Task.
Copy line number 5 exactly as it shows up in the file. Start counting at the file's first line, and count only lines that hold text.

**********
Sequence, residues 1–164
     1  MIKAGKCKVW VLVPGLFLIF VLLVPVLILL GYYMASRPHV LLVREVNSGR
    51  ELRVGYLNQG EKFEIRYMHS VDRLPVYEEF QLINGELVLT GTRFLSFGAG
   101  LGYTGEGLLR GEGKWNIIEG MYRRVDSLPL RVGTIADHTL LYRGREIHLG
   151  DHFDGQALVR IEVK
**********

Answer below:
   151  DHFDGQALVR IEVK